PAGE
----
Astros' 2010 organization preview
Farm system showing signs of improvement under Heck
The future success of every Major League team lies largely in its Minor League pipeline. With that in mind, each preseason, MLB.com takes a comprehensive look at the farm systems of all 30 organizations, from top prospects to recent Draft picks.
It must be fun working in the scouting and player development departments of the Boston Red Sox. Not only does your parent club compete every year -- sure, the club came up short of another title in 2008 -- but all of your Minor League affiliates are competitive year after year with rosters chock full of young talent.
Don't look now, but the Astros farm system is starting to pay some dividends, too.
It's still not where it needs to be, especially in terms of depth, but there are some homegrown players just about ready to contribute, with some more intriguing ones down the pike. Last year, Bud Norris and Felipe Paulino came up to help out the pitching staff and both could fill in the back end of the rotation in 2010.
Once healthy, Tommy Manzella looks primed to be the everyday shortstop. And while the team brought in Pedro Feliz to play third, Chris Johnson should contribute over the course of the season.
Much of the talk surrounding the improvement of the previously barren Astros farm system has centered around the work of scouting director Bobby Heck, who's overseen the past two Drafts. He's shown a willingness to go a little off the board, and it's already playing dividends at the highest level in the form of 2008 first-round pick Jason Castro.
The other benefits may take a bit longer to be felt in Houston and, truth be told, there's still not a ton of talent in the organization. But it is encouraging that there are some legitimate prospects at various rungs on the ladder.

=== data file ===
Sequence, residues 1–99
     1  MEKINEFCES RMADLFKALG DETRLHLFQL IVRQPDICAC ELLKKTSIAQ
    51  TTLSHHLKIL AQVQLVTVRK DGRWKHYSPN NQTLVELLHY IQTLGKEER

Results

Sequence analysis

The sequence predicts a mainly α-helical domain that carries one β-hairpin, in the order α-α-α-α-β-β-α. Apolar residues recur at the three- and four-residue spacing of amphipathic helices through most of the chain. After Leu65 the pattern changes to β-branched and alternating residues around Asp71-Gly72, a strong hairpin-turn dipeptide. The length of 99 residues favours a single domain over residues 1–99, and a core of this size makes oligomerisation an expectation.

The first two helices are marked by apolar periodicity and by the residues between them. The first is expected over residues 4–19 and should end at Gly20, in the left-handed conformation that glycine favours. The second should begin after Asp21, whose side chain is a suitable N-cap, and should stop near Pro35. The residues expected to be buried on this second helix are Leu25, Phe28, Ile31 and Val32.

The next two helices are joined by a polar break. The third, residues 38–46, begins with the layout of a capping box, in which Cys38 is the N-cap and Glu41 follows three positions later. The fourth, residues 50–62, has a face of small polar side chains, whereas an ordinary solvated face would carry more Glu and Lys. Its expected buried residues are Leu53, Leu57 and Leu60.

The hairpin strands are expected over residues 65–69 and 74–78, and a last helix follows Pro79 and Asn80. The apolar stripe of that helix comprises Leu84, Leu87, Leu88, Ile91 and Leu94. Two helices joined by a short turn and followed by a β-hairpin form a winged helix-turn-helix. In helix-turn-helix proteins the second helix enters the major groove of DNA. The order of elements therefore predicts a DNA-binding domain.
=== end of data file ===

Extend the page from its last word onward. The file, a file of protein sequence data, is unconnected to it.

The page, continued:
Jason Castro, C
Even if J.R. Towles wins the job on Opening Day and Castro goes down to Triple-A, it's pretty clear Castro is just about ready. If Towles falters, Castro will be prepared to take over. While he doesn't have a ton of power, he should be able to hit for average, be productive at the plate and do a very nice job handling a pitching staff.
Chris Johnson, 3B
Johnson is back to waiting for a shot at a full-time gig in Houston, thanks to the Feliz signing. But he had a very strong spring and could get the call if there's an injury or other opening. The 25-year-old has shown glimpses of a good bat, with power, and will get to refine it while waiting for the call.
Tommy Manzella, SS
A strained quad put him on the shelf for a while this spring, but before the injury he had hit .300 in Grapefruit League games. The offense is a bit of a bonus, as Manzella will be expected to be a steady performer defensively and do the little things at the plate to help the Astros win.
Koby Clemens, C/OF
It's hard to think of a son of Roger Clemens being under the radar, but perhaps it's because this Clemens has been around since the summer of 2005. He had a breakout last year, being named MLB.com's Class A Advanced Hitter of the Year after hitting .345 with a .419 on-base percentage, .636 slugging percentage, 22 homers and 121 RBIs. He'll need to show it wasn't a California League-induced spike when he moves up to Double-A this season.